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In his column, “Obama: No Retreat, No Surrender,” E.J. Dionne argues that President Obama’s State of the Union speech was like Ronald Reagan’s 1984 speech “turned on its head:”

This was a campaign speech, but so, too, were the State of the Union addresses of Ronald Reagan in 1984 and Bill Clinton in 1996, as former Clinton speechwriter David Kusnet pointed out. The comparisons are instructive.

Obama’s was closer to the Reagan model, in form if not content. Reagan laid out what became the major themes of his campaign, including not only the nation’s recovery from economic turmoil but also his central philosophical purpose: a continuing battle against “the tendency of government to grow.”

Obama’s speech was Reagan’s turned on its head. Like Reagan, Obama previewed his election arguments in a philosophically aggressive way. But Obama’s claim was the opposite of Reagan’s. Obama spoke of government’s essential role in ensuring shared prosperity and in creating an America “built to last” — a slogan drawn, perhaps not accidentally, from truck commercials for General Motors, the company whose rescue Obama engineered.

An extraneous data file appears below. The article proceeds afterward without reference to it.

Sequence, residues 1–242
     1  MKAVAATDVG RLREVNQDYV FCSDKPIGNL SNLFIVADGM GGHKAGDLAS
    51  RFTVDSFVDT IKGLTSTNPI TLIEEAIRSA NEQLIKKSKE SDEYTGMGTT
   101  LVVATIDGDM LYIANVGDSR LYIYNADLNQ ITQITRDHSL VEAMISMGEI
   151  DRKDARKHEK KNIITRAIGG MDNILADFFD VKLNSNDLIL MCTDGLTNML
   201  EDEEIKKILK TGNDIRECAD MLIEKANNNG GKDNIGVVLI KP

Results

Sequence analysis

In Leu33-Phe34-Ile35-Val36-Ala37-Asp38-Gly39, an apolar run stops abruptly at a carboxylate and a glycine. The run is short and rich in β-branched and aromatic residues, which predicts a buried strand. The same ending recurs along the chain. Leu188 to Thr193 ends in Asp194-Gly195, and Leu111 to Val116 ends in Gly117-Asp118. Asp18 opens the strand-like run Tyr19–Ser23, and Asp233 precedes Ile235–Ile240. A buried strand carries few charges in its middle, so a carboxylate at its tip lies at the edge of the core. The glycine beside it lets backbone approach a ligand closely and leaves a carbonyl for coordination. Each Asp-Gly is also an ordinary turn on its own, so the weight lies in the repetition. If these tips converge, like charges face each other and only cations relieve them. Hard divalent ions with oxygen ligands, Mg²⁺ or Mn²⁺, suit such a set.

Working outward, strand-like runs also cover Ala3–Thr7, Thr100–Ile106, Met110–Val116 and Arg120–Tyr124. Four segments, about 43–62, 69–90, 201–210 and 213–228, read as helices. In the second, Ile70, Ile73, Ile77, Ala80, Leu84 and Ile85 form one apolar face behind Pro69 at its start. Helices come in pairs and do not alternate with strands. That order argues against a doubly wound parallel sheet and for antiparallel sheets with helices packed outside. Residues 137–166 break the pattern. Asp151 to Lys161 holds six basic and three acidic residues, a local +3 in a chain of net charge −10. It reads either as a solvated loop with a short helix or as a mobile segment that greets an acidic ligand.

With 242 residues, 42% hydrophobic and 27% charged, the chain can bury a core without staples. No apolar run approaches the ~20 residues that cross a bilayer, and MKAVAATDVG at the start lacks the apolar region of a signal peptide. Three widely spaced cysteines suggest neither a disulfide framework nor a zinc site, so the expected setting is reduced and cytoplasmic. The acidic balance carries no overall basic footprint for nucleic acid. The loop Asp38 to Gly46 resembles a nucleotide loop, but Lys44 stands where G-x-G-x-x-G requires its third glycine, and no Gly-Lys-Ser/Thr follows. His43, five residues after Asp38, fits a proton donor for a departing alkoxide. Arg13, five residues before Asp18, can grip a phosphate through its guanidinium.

Obama’s speech was chock-full of government initiatives: tax benefits to promote domestic manufacturing, new job-training partnerships between community colleges and businesses, education reform, more work-study jobs, broader opportunities for mortgage refinancing, incentives to hold down college tuitions. Obama used his energy program to make his larger point explicit: “Government support is critical in helping businesses get new energy ideas off the ground.”

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